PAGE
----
As I open my eyes, the mist clears and I find myself in a monumental spa, fully covered with black marble. Basins with gold taps line the sides, and I can just make out the labels, recognizing some of the finest Bordeaux vintages. My eye lights on an artisanal Black Forest gin, while my nose picks up the distinctive peaty aroma of a Talisker whisky.
I step out of the Olympic-sized pool, cosily wrapped in a fluffy black bathrobe, my feet shod in jewelled slippers. A figure in a dapper black uniform with slicked-back black hair glides up, wheeling a gold-plated drinks trolley. With a fixed blank smile, he proffers a huge triangular glass filled with vivid red liquid and two black olives on a cocktail stick. I eye it dubiously and he bows slightly. “Demon’s Blood & Balls”, he rasps metallically, “everyone’s favourite down here.”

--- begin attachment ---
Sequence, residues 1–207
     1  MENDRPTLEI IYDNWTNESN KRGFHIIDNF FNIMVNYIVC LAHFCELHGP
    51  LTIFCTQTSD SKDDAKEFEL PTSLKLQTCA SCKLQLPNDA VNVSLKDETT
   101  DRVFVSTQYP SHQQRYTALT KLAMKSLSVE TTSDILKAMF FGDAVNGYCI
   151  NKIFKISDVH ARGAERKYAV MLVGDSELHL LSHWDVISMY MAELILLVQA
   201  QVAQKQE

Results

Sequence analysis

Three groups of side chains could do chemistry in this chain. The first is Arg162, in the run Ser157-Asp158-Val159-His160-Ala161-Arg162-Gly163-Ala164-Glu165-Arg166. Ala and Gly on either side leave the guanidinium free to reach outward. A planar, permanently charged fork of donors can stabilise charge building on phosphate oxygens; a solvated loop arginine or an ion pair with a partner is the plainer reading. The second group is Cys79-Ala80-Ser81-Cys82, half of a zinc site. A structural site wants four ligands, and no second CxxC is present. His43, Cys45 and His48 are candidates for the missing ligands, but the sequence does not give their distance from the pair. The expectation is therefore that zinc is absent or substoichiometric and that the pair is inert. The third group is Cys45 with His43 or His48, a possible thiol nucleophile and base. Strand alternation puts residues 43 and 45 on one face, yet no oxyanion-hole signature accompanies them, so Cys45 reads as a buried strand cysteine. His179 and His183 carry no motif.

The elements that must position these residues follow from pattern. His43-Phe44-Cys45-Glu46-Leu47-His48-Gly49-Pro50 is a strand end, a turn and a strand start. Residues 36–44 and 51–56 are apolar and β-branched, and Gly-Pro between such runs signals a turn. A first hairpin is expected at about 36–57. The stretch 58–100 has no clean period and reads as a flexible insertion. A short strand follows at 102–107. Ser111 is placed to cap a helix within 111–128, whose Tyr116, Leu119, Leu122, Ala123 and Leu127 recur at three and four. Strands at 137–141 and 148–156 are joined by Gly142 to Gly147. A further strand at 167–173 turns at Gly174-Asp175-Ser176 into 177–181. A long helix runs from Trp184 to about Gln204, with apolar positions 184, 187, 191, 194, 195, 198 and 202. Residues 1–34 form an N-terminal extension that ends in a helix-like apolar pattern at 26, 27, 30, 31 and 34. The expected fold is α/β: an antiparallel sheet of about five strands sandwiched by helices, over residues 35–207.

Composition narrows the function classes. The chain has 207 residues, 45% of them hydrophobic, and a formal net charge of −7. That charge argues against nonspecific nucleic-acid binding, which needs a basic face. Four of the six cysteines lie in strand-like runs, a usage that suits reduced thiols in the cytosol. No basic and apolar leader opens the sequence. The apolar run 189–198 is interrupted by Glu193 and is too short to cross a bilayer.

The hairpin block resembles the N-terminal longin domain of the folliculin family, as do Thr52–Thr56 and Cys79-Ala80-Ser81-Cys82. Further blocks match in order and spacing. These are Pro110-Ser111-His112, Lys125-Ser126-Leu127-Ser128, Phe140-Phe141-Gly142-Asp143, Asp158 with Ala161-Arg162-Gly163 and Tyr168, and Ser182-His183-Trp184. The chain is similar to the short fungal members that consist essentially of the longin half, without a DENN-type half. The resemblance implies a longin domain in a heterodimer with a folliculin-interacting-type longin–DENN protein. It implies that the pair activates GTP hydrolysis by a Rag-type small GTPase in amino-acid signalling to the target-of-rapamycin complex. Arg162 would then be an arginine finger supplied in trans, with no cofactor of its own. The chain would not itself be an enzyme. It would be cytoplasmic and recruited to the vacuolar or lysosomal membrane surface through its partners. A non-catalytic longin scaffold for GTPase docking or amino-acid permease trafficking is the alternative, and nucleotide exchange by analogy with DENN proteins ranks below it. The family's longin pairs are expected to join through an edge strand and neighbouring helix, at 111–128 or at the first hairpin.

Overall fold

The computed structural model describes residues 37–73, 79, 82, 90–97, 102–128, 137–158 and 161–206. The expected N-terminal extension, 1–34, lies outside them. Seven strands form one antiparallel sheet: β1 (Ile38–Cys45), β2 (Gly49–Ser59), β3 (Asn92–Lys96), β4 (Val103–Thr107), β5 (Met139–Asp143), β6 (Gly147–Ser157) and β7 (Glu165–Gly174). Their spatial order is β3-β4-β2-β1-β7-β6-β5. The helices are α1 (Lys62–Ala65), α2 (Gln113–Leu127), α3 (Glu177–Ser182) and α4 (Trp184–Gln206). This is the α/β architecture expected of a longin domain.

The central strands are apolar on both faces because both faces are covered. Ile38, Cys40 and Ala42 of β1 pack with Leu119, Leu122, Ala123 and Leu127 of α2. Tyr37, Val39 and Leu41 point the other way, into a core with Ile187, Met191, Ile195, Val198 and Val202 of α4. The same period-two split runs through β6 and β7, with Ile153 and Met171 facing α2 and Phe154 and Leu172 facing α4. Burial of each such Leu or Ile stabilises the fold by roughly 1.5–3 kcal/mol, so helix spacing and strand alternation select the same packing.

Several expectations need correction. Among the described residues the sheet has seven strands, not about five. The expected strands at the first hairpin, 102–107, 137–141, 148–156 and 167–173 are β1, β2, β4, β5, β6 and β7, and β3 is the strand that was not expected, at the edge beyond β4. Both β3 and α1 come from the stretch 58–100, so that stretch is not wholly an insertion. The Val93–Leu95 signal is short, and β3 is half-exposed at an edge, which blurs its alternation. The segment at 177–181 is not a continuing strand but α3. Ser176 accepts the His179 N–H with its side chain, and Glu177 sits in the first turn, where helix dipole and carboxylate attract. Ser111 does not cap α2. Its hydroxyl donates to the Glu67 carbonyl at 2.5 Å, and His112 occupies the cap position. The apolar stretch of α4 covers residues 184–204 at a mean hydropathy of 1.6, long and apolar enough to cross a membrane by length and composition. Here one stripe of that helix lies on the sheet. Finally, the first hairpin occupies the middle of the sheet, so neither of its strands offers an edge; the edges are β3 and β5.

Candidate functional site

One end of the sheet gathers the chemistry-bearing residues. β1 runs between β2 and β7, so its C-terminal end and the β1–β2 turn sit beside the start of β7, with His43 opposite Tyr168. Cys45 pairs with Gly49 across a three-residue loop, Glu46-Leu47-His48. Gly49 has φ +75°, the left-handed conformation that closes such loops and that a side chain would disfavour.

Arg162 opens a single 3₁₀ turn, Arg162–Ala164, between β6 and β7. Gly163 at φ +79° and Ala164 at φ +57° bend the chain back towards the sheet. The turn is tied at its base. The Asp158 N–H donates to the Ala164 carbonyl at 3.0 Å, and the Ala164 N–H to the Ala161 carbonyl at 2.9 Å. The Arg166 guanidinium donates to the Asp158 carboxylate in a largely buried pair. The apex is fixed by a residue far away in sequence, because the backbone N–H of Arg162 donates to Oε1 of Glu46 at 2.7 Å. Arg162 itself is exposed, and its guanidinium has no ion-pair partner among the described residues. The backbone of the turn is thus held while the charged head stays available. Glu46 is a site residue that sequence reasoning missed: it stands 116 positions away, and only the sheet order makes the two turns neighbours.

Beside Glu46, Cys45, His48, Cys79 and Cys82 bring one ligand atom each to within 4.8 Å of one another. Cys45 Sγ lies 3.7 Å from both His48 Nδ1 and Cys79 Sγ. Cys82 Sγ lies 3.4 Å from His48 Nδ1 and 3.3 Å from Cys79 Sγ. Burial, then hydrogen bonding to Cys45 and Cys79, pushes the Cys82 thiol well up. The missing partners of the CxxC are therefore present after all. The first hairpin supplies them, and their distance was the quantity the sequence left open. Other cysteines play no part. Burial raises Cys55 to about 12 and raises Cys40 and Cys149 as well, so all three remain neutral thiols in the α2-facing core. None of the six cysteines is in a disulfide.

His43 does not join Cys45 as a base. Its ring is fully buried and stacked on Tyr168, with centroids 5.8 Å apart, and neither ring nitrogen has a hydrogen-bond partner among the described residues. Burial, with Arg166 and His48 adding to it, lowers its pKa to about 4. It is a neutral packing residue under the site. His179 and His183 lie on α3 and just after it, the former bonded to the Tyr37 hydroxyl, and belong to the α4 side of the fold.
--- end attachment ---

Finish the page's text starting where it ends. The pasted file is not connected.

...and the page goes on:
I hate to be so rude as to refuse a drink, so I raise the glass to my lips and sip cautiously. “Not bad, you must give me the recipe for my next Halloween bash.”
The One remains, the many change and pass; Heaven’s light forever shines, Earth’s shadows fly; Life, like a dome of many-colour’d glass, Stains the white radiance of Eternity. (Adonais: An Elegy on the Death of John Keats by Percy Bysshe Shelley)
“Back to happier subjects, we do throw good parties here.” Orpheus beams at me, radiating goodwill. “Lavish banquets, fountains of wine, dancing choreographed by the Graces. Even my father occasionally honours us with his presence, and everyone sings paeans to him. Then we play duets together, him on his lyre, me on my lute.”
“Yes, I am also a Son of God,” he looks down modestly. “There are quite a few of us actually, though we’ve kept a low profile since the Downfall. My father is Apollo, the only One of us who kept His name under the new regime.” His chest swells visibly as he looks up. “Everyone knows Sun Gods are the greatest, even though now and again they get usurped by the Old Thunderers … sorry, Brethren of the Skies.”